Previous generations of U.S. radicals certainly recognized at least aspects of this problem, which is why in the early years of the twentieth century, the Socialist Party established the headquarters of its newspaper, Appeal to Reason, not in New York or Chicago, but in Girard, Kansas. Unfortunately, the Socialists often courted rural and sometimes southern whites by downplaying their critique of racism. Thus, it was a step forward when — despite other flaws emanating from its Stalinist orientation — the Communist Party fostered both white folk singers like Woodie Guthrie and Black blues singers like Leadbelly during the Great Depression. This was an example of the wide recognition of the need on the part of the socialist left to reach out beyond its bases in big cities and university towns, and to connect to progressive forms of populism in rural areas. This attitude may be in shorter supply today.

It is also important to note that in many countries, the U.S. included, rural areas contain significant populations of oppressed ethnic minorities. These minorities may constitute a sizable portion of the population in certain rural regions. These populations have often mobilized against the dominant classes of rural regions even when local members of the majority population have not. Thus, they can be important and reliable allies of the left. To take three prominent examples, the rural U.S. South has for centuries contained a large Black population (in some states and counties actually a majority), the West Coast agricultural belt has featured important populations of mainly Latinx farmworkers, and the upper Midwest includes a significant Native American population, all of them key social bases for the left. Similarly, the Russian Tsarist empire’s grain belt comprised an important Ukrainian population, whose national aspirations became a crucial factor in the 1917 revolution. Again, in similar fashion, today’s rural areas of Iran, Iraq, Turkey, and Syria contain large numbers of Kurds, another oppressed minority that has been at the forefront of many progressive movements in the region. Again, these kinds of social facts show that it is a distortion to speak of rural areas as uniformly conservative or racist.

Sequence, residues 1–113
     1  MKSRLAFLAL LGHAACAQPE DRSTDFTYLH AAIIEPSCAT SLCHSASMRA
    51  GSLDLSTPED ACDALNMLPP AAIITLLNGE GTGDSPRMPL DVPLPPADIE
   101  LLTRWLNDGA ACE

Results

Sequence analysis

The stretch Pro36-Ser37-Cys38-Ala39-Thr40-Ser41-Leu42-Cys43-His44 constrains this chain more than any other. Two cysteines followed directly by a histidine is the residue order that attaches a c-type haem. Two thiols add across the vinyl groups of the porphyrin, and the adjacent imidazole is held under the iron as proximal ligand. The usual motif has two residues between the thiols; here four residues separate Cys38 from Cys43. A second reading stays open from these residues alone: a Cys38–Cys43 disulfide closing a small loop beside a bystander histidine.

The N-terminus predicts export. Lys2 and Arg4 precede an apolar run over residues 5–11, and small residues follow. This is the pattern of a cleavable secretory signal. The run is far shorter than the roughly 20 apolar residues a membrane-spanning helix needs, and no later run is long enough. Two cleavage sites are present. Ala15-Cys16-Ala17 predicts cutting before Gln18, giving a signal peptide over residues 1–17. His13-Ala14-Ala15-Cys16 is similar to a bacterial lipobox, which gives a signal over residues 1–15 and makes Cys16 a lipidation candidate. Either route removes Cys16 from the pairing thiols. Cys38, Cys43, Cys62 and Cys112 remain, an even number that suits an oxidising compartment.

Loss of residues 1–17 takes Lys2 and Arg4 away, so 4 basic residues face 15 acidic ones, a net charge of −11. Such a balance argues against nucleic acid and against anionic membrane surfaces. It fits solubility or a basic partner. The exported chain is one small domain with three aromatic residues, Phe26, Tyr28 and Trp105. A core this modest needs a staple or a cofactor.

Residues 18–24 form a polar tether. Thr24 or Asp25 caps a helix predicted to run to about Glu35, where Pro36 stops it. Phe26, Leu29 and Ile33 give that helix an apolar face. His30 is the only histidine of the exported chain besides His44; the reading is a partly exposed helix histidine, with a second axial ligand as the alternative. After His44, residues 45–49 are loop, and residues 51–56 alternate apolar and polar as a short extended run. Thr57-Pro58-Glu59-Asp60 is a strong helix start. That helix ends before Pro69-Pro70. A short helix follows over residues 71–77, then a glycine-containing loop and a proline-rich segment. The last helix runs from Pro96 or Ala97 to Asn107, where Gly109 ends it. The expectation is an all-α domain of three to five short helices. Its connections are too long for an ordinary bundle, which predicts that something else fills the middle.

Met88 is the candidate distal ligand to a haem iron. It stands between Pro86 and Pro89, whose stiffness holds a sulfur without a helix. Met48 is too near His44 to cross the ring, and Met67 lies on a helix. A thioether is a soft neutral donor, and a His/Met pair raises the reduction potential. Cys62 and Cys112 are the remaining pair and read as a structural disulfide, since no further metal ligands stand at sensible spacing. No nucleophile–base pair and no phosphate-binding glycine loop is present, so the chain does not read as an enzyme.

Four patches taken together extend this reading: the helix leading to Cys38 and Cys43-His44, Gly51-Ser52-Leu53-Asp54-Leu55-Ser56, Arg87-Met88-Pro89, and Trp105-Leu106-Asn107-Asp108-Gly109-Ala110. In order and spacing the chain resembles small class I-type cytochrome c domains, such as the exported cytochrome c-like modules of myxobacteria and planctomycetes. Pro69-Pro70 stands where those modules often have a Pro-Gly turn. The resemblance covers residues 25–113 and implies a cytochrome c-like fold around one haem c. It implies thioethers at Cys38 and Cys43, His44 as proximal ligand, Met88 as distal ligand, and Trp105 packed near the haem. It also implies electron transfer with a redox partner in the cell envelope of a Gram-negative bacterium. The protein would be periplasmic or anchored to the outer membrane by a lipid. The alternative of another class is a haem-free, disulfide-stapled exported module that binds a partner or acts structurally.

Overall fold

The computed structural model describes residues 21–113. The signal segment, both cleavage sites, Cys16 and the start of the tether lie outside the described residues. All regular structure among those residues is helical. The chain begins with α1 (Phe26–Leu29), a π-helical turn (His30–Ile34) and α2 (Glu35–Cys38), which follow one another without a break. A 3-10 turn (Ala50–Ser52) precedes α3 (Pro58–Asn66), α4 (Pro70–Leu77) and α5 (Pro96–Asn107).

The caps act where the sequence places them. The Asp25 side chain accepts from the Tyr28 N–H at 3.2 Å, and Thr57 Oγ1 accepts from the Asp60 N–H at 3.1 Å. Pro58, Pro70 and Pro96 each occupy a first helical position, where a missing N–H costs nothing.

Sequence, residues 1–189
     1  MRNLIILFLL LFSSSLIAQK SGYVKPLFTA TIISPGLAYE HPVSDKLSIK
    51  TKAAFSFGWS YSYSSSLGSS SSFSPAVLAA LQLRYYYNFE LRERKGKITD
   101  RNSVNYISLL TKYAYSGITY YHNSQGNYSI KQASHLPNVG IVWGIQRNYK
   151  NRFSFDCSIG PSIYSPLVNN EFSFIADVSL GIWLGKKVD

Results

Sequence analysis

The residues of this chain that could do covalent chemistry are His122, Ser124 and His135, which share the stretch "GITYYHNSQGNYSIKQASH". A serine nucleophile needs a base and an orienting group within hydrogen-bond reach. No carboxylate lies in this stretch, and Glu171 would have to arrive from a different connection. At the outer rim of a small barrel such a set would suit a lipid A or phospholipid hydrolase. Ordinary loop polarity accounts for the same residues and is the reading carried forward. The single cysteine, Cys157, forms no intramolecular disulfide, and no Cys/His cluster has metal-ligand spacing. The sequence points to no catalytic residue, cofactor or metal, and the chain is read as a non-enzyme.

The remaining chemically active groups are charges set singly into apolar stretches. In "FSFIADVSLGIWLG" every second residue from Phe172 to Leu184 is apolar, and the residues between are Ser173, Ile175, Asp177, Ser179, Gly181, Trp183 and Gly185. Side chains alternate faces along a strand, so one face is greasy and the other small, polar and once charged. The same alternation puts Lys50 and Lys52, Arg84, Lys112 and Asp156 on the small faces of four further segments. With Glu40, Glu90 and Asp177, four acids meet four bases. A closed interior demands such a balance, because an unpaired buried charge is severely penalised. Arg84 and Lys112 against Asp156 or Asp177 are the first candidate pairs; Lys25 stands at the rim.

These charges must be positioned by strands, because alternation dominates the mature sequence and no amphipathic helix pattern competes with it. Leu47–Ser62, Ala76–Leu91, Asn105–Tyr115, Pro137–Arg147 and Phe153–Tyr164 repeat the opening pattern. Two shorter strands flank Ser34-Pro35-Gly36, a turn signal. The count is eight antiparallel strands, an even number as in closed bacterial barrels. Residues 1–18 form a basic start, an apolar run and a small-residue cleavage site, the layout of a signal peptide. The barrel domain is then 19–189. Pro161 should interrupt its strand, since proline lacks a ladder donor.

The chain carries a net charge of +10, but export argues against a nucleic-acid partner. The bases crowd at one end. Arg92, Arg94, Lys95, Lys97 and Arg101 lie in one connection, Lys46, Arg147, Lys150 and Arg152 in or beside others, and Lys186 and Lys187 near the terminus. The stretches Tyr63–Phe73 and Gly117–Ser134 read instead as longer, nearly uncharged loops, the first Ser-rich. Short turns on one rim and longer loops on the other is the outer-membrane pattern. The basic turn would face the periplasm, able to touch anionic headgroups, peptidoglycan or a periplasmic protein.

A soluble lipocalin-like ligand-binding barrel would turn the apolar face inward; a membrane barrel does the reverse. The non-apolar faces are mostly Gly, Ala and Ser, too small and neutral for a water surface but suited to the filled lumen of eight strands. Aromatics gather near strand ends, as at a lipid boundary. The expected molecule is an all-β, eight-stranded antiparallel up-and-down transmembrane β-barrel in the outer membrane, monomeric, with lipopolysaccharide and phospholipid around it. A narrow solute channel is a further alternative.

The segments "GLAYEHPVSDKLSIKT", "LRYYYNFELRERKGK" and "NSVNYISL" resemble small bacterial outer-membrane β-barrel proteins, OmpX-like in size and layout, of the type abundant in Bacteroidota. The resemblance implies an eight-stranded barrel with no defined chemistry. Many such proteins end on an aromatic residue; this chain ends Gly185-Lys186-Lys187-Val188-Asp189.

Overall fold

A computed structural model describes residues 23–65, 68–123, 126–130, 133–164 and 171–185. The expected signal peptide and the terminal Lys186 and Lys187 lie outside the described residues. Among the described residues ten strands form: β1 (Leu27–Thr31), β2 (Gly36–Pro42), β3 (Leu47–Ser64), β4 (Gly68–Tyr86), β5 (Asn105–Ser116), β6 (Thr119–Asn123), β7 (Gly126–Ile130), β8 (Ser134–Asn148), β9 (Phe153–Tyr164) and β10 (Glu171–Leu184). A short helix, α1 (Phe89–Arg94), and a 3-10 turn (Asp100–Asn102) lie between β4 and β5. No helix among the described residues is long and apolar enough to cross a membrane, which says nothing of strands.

Among the industrially developed countries of Western Europe and North America, one striking recent example of the mobilization for progressive change on the part of a rural — or at least decidedly non-urban — population was the Yellow Vests movement of 2018-19 in France. Initially a protest against higher gasoline taxes, its participants occupied the country’s ubiquitous roundabouts, shutting down automobile traffic. President Emmanuel Macron, elected as a moderate alternative to the neofascist National Rally Party, responded with brutal and unremitting violence to these “illegal” actions. At the same time, the Yellow Vests, who comprised many women, soon deepened the social character of their demands in order to feature issues like raising the minimum wage, smaller class sizes in the public schools, and a halt to the closure of public facilities like post offices and train lines in rural areas. At their peak, the Yellow Vests were able to shut down large sectors of the economy, at a level not seen since 1968 (Anderson 2018, Coquard 2018).

A somewhat similar dynamic emerged in the U.S. teachers strikes, also in 2018, which began in West Virginia but soon spread to Oklahoma, Kentucky, and Arizona, which are hardly industrial, liberal, or very union-friendly states. As Lois Weiner writes, these strikes did not limit themselves to wage demands, important as these were in states where extremely low wages were forcing teachers into second jobs. She notes that “gender and race influenced the movement,” which also exemplified “workers’ self-organization” (Weiner 2018:4). Further, these strikes were “laying the ground for a new labor movement in the South” (Weiner 2018:12). Unlike the much larger Yellow Vests, who were eventually worn down by the harsh tactics of the French police, the U.S. teachers won some gains.